For several years now, I had seen repeated references to this novel as being superbly written, with a masterful translation from the French, reaching such a level of excellence as to merit the much overworked designation of "masterpiece." Needless to say, I was a bit skeptical of all this hoopla. When I finally got around to reading the book, on long flights to and from Denver, I needed only to read the first two pages to discover how remarkable this book is. The writing is so absolutely gorgeous and rich, that the reader is immediately captivated. Even those with little background or interest in Roman imperial history (and here we are dealing with the first and second centuries A.D.) will become engrossed in some of the finest prose I have ever read in a novel. After a while, you almost begin to believe that Hadrian actually wrote these "memoirs," so skillfully does the author hypothesize the inner thoughts and feelings of the emperor. I immediately became curious about the author (1903-1987) and how she came to write such a remarkable story. Fortunately, this paperback edition contains a section designated as "Reflections on the Composition" in which the author recounts her travails in writing the novel, her research, and the actual drafting. Also included is an extensive historical bibliography and some wonderful photographic illustrations drawn from Roman coins, sculpture, tombs, and other sources which add immeasurably to the text. A joyful and thrilling read, emoting a wonderous experience in which all readers can join.
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32 of 32 people found the following review helpful By on November 29, 2001
Format: Paperback
I read this book about twenty years ago, when I was at my first university year, and had very little money to spare - in order to buy the book, I gave up lunch for some two or three weeks. I read it first in very a good portuguese translation, and spent my lunch hours, starved but happy, reading, in a state of wonder, and so completly lost in what I was reading that by the time I had to stop and attend classes, I was dreamy, not realy knowing what time of day it was, or what day, or even where I was.
Years latter, I read it again, in french this time, and the wonder was all there. Both editions are now very old, dog eared, from beeing read, and read, and read... As I get older, I find more and more meaning in these extraordinary thoughts of an old man, who, in spite of being one of the most powerful men in the world, knows he is about to die, and runs his life before our eyes... it took almost a whole life to write it, and may take a whole life to completly enjoy it, so you can read it for ever and never get tired. Magnificent book!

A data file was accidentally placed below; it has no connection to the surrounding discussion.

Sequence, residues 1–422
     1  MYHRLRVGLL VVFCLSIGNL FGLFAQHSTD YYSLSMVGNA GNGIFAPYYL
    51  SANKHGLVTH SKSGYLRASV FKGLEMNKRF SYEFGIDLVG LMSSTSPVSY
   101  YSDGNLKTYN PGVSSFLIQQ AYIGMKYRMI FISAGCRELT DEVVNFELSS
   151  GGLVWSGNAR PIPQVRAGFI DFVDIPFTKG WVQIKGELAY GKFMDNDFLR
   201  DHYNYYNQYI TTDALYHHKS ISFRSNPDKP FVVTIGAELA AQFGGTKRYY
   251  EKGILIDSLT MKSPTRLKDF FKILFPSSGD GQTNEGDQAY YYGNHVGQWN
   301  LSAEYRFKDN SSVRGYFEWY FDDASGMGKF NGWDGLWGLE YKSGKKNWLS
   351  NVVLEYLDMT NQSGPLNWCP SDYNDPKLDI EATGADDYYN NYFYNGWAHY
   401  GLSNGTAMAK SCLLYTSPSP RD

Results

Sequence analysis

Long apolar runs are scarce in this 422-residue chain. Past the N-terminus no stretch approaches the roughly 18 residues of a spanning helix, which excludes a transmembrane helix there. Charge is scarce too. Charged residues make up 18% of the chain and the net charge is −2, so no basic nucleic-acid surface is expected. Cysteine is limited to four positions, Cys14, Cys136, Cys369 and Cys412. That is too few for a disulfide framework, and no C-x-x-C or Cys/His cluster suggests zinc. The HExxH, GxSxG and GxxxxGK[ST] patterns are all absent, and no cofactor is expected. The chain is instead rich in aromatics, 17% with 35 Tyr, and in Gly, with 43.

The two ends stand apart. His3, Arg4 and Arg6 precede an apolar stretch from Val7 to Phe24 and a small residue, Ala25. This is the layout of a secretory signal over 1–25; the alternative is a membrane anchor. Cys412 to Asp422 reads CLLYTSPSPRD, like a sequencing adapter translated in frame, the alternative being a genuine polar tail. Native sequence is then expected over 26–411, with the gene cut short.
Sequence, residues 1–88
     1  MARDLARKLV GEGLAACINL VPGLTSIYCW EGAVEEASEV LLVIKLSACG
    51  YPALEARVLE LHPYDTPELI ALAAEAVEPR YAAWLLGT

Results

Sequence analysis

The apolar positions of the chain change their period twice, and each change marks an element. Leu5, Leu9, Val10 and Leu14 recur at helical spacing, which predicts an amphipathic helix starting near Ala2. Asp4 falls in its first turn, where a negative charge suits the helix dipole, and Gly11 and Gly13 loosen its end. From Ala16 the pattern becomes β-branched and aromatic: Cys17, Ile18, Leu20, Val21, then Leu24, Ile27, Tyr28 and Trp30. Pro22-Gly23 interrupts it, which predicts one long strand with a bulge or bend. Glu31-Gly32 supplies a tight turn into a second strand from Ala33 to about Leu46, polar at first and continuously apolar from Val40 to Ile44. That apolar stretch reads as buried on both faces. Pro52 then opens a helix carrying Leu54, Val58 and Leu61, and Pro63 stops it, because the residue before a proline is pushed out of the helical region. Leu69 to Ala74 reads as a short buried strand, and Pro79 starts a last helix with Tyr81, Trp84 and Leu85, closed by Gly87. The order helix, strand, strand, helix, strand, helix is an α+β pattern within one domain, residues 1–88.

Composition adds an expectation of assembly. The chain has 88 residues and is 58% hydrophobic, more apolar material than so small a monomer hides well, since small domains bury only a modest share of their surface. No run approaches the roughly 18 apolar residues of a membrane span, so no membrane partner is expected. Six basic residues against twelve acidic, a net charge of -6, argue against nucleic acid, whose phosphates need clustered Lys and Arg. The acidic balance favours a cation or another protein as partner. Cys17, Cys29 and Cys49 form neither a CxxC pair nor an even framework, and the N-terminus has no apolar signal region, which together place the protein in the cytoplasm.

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21 of 21 people found the following review helpful By Eric J. Lyman on March 24, 2006
Format: Paperback
Some editions of Memoirs of Hadrian say it is "by" both author Marguerite Yourcenar and Grace Frick, the translator. Normally, I would consider that a bit much -- like giving the frame maker partial credit for the painting -- but in this case it seems more than warranted, as Ms. Frick was the mind behind one of the best translation jobs I've ever come across.

If she hadn't managed it, Memoirs of Hadrian would have faded into obscurity for English-language readers. After all, the story line is not eventful: it is a series of letters from Roman Emperor Hadrian to future emperor Marcus Aurelius, who Hadrian had come to think of as a grandson.

What makes Memoirs of Hadrian great is the way the story is told. The book captures the candid language and thoughtful sentiments of a wise old man nearing death and offering his wisdom to his young heir. It is a kind of frank confession that is at once autobiography, philosophy, and psychology.

An example, from near the beginning, when Hadrian explains where his life stands: "Like a traveler sailing the Archipelago who sees the luminous mists lift toward evening, and little by little makes out the shore, I begin to discern the profile of my death."

Another example, when Hadrian describes a military victory: "Rome had prepared me a triumph. I no longer protested against these vain but venerable customs; anything which honors man's effort, even if only for a day, seemed to me a salitary in presence of a world so prone to forget."

And I could go on and on.

Obviously, the concepts and narrative come from Ms. Yourcenar. But the beauty of the language in English depends so much on Ms. Frick.